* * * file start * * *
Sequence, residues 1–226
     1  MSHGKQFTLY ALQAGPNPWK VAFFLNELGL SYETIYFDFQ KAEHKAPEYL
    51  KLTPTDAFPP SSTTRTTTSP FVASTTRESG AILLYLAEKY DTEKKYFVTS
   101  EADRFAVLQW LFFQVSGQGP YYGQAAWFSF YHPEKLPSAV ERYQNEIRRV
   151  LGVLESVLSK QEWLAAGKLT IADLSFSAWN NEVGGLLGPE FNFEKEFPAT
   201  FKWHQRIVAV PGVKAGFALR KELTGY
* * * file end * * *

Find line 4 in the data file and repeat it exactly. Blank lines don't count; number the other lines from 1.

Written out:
   101  EADRFAVLQW LFFQVSGQGP YYGQAAWFSF YHPEKLPSAV ERYQNEIRRV